Three online panel discussions prefacedthe commemoration, including one hosted by Rosemary Feurer and the Mother Jones Heritage Project that discussed the legacy of Mother Jones. The panel included historians Ginny Ayers and Elliot Gorn as well as journalist Kim Kelly, who has been covering the miners’ strike in Alabama since it started. Also, Marshall University hosted a labor film festival that featured the documentary The Revolutionist: Eugene V. Debs and Q&A with representatives of the Eugene V. Debs Museum.
Early on Friday, September 3rd, I watched the UMWA begin its three-day march re-enacting the events of 100 years ago. WMMT reporter Katie Myers was on hand to cover the event. The fog lifted off the mountains over Lens Creek as UMWA President Cecil Roberts climbed onto the bed of a pickup truck to talk about the historical significance of this march, his great-uncle Bill Blizzard’s leadership of the originaltrek, and the central role that mine workers—including veterans of Blair Mountain—played in the CIO’s organizing drives during the 1930s.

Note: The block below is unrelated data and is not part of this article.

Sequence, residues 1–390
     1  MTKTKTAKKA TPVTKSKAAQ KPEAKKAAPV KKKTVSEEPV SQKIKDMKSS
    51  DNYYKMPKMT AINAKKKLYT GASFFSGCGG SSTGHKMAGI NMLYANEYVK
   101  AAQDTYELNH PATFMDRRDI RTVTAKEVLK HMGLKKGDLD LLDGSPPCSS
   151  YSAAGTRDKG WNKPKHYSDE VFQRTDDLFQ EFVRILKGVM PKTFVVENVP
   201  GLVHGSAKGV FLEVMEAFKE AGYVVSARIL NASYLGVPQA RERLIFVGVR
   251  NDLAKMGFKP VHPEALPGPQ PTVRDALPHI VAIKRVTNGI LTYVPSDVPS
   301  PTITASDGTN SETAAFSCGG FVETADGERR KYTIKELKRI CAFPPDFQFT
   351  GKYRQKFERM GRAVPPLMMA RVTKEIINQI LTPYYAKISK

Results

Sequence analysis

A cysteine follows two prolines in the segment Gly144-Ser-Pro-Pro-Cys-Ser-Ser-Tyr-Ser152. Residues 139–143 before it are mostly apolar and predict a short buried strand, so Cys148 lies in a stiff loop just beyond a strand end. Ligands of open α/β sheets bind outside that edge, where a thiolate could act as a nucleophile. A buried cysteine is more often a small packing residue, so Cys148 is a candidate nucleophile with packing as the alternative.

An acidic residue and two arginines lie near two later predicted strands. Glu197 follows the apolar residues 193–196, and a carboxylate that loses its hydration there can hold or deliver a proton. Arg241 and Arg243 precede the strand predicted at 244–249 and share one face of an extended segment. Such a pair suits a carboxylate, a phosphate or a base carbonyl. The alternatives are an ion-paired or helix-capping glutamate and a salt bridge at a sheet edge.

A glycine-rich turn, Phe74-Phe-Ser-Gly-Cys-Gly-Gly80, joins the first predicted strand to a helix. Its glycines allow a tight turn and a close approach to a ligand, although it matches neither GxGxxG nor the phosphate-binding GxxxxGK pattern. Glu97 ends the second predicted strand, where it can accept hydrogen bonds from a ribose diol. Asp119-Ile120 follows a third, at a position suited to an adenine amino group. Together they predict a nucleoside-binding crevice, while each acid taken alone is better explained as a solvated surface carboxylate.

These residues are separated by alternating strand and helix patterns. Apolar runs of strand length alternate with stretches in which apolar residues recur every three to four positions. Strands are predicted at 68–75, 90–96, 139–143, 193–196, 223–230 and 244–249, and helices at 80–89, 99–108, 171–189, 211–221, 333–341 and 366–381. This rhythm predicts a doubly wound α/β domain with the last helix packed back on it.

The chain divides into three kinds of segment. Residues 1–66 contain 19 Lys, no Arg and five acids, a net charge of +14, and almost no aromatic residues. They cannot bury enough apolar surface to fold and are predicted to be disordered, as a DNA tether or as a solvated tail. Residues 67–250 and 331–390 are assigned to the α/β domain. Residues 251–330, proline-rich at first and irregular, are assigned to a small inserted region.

Along the route, marchers passed several “pop-up” exhibits, a project of the Preservation Alliance of West Virginia detailing the historical events at each location. Retired miner Kipp Dawson of UMWA Local 1197, now 76 years old, walked the nearly 40 miles beside her union sister Libby Lindsay, another retired miner. Dawson told one reporter, “For both of us to pick up the spirit of our forebears who made it possible for us to work safely in union mines so many years later, it was moving. It was a thank you. We were determined to keep going.”
Friday evening’s Kickoff Event was at the Charleston Civic Center, a venue with an expansive lobby for tabling by two dozen partner organizations, including the National Coal Heritage Area Authority, the Battle of Homestead Foundation, the West Virginia IWW, and many more. The Kickoff concert began with Saro Lynch-Thomason singing parts of songs from the Mine Wars era. Doris “Lady D” Fields talked about her father coming from Alabama to spend his career in West Virginia mines, and poet Crystal Good read her poem “Civil Up & Rising,” a meditation on race, the Battle of Blair Mountain, and the Tulsa Race Massacre. Fiddle player Gerry Milnes and DC-based blues musician Phil Wiggins—who both appeared in the movie Matewan—closed out the show.